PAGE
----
The George III fashion promoted by the court architect Robert Adam (d.1792) for Roman decoration in the columbarium or vase-chamber fashion, encouraged the fashion for such Cantonese mantelpiece vase-garnitures, whose trompe l'oeil coloured marbles imitate Wedgwood wares. They display laurelled Chinese landscape vignettes on plinth-supported krater vases, whose scrolled handles derive from an antique pattern illustrated in Stefano della Bellas, accolta di vasi diversi, 1646.
These are perhaps inspired by a Marieberg version after a Swedish silver original, see Michael Beurdeley, Chinese Trade Porcelain (Fribourg, 1962), p. 198, cat. no. 206.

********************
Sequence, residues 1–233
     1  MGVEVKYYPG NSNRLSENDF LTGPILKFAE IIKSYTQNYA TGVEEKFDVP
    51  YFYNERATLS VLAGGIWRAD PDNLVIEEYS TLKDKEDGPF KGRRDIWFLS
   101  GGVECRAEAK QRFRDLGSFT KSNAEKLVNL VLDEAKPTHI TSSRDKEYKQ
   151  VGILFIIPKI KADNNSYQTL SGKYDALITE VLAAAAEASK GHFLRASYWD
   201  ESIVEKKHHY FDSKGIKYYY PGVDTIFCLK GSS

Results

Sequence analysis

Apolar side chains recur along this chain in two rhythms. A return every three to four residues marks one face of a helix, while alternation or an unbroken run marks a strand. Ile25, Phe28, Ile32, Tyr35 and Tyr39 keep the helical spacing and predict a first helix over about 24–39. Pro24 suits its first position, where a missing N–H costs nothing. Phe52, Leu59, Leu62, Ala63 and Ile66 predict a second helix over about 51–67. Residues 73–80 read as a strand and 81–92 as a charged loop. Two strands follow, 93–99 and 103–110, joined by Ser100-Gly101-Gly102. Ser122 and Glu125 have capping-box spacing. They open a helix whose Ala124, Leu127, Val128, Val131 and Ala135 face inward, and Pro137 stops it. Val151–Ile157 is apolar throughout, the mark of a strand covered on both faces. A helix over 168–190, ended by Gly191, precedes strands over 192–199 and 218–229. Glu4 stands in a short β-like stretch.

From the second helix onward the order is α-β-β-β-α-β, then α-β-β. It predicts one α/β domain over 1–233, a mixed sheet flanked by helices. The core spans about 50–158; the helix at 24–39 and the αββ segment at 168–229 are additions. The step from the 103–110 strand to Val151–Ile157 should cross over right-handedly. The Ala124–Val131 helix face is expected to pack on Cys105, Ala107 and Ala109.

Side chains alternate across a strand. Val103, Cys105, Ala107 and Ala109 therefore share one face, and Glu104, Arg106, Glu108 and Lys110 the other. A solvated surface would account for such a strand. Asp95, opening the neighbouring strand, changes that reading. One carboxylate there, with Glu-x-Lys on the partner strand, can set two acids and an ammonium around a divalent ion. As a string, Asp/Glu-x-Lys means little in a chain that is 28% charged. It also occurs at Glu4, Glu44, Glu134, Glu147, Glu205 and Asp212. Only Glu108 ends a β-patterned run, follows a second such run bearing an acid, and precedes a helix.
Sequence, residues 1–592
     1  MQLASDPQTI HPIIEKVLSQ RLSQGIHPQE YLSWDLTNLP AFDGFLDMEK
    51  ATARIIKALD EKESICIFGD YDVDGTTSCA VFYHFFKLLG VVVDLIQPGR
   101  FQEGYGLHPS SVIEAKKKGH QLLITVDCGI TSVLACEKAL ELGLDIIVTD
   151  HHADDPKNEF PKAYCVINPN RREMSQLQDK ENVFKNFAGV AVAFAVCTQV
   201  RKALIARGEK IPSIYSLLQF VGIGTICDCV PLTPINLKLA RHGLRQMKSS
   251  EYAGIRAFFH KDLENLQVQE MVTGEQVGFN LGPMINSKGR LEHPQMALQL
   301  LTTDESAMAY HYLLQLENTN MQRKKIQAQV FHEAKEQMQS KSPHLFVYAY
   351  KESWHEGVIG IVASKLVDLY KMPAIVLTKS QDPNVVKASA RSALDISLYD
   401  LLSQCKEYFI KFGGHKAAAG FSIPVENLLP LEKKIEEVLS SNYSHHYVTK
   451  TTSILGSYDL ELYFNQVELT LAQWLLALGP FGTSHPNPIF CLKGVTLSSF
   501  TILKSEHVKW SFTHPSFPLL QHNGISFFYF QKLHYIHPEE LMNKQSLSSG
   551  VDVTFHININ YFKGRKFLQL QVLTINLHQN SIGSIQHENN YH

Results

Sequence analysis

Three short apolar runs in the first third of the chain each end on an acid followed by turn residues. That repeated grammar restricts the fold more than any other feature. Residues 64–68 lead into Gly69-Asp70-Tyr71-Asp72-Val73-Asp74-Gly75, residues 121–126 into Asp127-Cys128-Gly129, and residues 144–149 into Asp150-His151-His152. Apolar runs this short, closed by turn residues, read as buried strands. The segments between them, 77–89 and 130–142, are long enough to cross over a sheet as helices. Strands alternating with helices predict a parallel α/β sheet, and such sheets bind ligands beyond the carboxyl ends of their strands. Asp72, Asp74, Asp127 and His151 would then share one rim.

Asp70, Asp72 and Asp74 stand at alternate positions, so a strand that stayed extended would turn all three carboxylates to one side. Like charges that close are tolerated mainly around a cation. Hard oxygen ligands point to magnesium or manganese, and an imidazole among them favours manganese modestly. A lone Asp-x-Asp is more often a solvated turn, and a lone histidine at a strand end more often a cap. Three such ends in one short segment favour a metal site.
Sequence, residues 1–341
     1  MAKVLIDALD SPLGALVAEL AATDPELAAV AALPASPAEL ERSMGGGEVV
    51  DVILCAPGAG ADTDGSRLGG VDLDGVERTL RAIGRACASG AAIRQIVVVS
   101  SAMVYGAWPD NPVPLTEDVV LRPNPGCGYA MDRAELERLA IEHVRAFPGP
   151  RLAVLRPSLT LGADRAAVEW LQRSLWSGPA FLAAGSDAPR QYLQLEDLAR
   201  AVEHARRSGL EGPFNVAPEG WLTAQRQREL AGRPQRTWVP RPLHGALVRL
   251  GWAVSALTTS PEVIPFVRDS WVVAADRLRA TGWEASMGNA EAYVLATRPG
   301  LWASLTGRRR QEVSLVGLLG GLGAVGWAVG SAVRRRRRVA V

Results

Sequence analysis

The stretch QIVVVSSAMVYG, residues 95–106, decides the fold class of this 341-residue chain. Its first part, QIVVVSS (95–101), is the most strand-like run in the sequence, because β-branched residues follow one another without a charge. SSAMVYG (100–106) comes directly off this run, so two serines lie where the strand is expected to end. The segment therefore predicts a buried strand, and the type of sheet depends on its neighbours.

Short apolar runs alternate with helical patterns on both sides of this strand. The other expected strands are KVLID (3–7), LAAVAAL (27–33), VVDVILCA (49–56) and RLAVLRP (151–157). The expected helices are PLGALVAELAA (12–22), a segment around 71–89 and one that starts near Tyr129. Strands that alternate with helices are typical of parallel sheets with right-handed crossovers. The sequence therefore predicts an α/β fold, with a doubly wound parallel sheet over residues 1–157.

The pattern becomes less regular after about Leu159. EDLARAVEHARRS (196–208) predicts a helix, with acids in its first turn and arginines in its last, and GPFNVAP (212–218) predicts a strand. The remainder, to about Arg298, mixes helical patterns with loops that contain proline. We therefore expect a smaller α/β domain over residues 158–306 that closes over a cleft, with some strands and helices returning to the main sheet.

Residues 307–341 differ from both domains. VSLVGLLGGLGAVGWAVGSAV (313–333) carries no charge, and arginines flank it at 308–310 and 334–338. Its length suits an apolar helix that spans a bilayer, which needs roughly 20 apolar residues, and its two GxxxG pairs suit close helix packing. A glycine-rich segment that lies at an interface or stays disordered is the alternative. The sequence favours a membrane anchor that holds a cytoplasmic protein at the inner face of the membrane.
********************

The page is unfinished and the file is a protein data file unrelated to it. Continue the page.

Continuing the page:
Compare the almost identical urn and cover from the Mottahedeh Collection illustrated by D.S. Howard and J. Ayers, China for the West, London and New York, 1978, vol. II, p. 557, no. 575, where the authors state that this shape can be traced back to Stefano della Bella of the late 16th/early 17th century when he was working for Ferdinand de Medici. However it was a Wedgwood model that the Chinese first copied in about 1790. The pistol handles, moulded relief work and marbled base are common to most Chinese versions, which were produced for every country then engaged in trade with China. The scene depicted in the oval panel on the Mottahedeh example, which is identical to the that on the present example, is one of twelve.